My Breast Cancer Journey Part 20: My Twin Sister's Double Mastectomy with Reconstruction Operation at Mayo Clinic Was Awesome!

My Breast Cancer Journey Part 20: My Twin Sister's Double Mastectomy with Reconstruction Operation at Mayo Clinic Was Awesome!
Here we are at Mayo Clinic's Rochester Methodist Hospital on the morning of my twin sister's double mastectomy with reconstruction operation! My mom, baby sister, me, my twin sister, dad, and my twin sister's husband all lined up in our matching shirts for the same type of photo we took before my operation in December!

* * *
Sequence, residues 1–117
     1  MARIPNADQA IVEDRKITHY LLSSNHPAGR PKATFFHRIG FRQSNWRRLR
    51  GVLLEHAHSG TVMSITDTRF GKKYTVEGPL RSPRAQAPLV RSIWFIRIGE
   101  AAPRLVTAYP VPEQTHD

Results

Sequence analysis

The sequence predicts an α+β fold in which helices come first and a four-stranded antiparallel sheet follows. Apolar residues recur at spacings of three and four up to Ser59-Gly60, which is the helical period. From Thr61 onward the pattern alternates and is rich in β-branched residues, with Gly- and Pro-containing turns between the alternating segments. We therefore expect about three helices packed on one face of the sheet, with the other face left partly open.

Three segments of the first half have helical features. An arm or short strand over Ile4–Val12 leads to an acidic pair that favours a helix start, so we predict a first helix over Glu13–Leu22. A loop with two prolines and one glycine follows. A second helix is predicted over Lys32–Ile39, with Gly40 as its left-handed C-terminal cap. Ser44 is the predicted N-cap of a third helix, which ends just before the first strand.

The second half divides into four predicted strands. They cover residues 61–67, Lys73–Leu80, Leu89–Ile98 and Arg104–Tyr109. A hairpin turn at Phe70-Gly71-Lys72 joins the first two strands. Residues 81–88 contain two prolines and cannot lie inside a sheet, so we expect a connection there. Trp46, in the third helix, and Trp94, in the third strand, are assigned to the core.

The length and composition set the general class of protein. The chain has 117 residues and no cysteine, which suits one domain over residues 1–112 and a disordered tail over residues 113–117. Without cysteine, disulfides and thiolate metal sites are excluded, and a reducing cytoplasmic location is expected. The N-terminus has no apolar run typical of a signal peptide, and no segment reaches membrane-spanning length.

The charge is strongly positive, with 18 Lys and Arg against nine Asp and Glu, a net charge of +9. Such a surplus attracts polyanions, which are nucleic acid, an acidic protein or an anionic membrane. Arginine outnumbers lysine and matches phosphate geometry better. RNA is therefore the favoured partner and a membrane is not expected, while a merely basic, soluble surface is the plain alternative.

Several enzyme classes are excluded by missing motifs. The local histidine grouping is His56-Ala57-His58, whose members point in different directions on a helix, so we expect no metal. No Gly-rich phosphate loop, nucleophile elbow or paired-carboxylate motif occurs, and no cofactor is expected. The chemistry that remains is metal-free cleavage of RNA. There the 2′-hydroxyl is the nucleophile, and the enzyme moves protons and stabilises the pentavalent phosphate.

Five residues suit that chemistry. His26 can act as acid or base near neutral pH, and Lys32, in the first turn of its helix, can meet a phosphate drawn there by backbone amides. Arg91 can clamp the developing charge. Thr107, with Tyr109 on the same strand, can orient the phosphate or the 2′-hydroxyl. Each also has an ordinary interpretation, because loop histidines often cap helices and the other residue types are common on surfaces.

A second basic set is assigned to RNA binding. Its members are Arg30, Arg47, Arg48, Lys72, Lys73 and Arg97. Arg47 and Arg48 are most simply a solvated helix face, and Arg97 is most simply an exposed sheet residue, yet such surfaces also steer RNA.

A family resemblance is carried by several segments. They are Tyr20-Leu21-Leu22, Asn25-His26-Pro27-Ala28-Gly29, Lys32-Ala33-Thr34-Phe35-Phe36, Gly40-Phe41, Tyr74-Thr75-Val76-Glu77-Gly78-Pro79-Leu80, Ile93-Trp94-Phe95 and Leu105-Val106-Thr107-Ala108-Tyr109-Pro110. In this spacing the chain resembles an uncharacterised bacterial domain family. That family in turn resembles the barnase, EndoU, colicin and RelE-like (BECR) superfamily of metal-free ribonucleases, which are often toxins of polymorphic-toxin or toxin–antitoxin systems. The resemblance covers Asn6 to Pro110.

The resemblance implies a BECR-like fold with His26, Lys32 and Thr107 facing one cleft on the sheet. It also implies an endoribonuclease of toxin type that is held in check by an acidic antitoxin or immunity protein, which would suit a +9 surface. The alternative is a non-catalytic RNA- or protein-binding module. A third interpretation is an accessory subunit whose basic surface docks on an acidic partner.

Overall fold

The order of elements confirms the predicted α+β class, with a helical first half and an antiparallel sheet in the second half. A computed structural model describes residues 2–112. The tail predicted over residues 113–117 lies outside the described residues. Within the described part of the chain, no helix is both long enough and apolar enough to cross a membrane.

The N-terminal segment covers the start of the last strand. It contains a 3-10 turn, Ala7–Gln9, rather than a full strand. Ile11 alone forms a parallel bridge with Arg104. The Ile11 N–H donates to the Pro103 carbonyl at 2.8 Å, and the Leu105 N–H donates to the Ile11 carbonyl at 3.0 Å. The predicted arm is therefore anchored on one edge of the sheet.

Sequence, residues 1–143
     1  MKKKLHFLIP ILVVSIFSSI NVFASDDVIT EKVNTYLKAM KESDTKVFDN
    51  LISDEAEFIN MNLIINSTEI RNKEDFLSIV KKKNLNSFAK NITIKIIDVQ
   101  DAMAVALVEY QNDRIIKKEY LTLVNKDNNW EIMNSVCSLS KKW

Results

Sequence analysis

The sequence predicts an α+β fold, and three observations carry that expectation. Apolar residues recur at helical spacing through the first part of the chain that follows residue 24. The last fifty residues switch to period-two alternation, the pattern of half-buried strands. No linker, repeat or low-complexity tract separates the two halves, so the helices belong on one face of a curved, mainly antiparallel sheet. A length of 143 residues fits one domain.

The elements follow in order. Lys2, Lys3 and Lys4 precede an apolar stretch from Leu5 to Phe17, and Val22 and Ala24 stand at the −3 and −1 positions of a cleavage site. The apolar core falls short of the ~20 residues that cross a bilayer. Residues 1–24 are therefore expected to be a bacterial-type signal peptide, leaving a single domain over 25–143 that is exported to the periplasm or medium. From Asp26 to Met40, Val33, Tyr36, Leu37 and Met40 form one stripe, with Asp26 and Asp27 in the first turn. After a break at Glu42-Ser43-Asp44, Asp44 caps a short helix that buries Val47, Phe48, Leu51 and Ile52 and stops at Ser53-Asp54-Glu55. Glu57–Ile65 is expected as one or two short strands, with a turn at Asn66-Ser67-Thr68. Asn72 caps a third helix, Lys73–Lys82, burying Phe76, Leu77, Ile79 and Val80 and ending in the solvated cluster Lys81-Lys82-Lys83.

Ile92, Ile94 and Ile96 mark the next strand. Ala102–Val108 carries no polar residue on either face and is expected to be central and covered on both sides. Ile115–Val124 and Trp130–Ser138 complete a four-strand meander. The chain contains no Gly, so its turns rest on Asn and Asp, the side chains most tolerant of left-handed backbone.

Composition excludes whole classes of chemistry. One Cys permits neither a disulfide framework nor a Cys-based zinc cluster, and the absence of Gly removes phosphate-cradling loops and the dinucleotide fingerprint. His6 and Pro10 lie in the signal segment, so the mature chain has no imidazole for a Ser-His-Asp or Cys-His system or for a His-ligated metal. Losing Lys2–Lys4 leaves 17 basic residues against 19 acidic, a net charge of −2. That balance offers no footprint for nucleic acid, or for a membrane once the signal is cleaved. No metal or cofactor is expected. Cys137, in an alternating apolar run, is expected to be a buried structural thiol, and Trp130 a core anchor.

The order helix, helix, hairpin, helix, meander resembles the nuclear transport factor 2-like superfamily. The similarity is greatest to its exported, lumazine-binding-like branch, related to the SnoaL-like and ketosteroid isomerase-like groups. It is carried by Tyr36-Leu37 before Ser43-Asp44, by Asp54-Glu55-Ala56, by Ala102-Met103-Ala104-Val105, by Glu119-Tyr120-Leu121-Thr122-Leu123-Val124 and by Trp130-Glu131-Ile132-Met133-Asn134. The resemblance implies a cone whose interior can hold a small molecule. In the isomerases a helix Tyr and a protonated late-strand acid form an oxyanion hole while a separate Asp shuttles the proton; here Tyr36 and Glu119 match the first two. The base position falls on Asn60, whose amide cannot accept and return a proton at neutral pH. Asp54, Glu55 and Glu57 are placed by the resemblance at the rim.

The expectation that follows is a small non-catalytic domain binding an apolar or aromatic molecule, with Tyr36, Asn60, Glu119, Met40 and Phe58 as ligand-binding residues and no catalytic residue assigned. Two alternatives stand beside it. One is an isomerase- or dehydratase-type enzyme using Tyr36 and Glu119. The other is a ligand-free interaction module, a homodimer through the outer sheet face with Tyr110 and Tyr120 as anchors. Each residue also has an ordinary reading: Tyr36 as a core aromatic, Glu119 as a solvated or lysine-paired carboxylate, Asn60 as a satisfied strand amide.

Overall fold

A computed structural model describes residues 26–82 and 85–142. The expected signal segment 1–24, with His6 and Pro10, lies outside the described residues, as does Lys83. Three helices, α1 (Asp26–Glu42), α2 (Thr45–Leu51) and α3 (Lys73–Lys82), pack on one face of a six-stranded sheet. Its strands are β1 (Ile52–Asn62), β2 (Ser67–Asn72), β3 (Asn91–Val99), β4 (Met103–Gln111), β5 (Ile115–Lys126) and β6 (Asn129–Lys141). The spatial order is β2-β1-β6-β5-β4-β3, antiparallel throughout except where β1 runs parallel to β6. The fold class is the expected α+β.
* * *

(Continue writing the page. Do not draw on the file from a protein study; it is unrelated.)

This blog post is the 20th in a series about my (and my twin sister's) preventative breast cancer screening journey that began when we were 30 years old in July 2019. The 1st post is about my first mammogram ever; the 2nd post is about my consultation at Mayo Clinic's Breast Clinic; the 3rd post is about my stereotactic core biopsy at Mayo Clinic's Breast Clinic; the 4th post is about my diagnosis with "Stage 0" DCIS breast cancer; the 5th post is about my in-person DCIS diagnosis at Mayo Clinic, beginning thoughts on my surgery timeline, and discovering that my twin sister might have breast cancer, too; the 6th post is about my twin sister's invasive ductal carcinoma clinical stage 2A breast cancer diagnosis; the 7th post is about my breast MRI and two ultrasounds to investigate "suspicious" spots on my right breast and liver; the 8th post is about my second DCIS diagnosis following a week of MRIs, ultrasounds, and biopsies at Mayo Clinic; the 9th post is about preparing for my twin sister's chemotherapy appointments, including details about her egg banking procedure in the city; the 10th post is a summary of my sister's ovarian hyperstimulation syndrome and visit to the emergency room; the 11th post is a summary of my double mastectomy surgery plan scheduled to occur on December 3rd, 2019 at Mayo Clinic's Methodist Campus Hospital in Rochesterthe 12th post is about my twin sister's first chemotherapy infusion at Mayo Clinic; the 13th post is about foobs, photo shoots and nipple tattoos (my plastic / reconstructive surgery plan); the 14th post is a recap of my successful double mastectomy and immediate direct-to-implant reconstruction operation; the 15th post is about my surgical recovery and day full of follow-up appointments at Mayo Clinic in Rochester; the 16th post is about my one-month-post-surgical-follow-up appointment and preventative baseline ovarian cancer screenings at Mayo Clinic; the 17th post is about a suspicious rash I developed a month after my surgery called "pigmented purpura," my consultation with a gynecological oncologist about ovarian cancer prevention, and my sister's fifth chemotherapy infusion; the 18th post is about the end of my twin sister's six neoadjuvant chemotherapy infusions (TCHP); and the 19th post was about my twin sister's double mastectomy and reconstructive surgery plan (amid the global outbreak of COVID-19). To keep tabs on new posts, sign up for the "A Daily Miracle" email list at this link.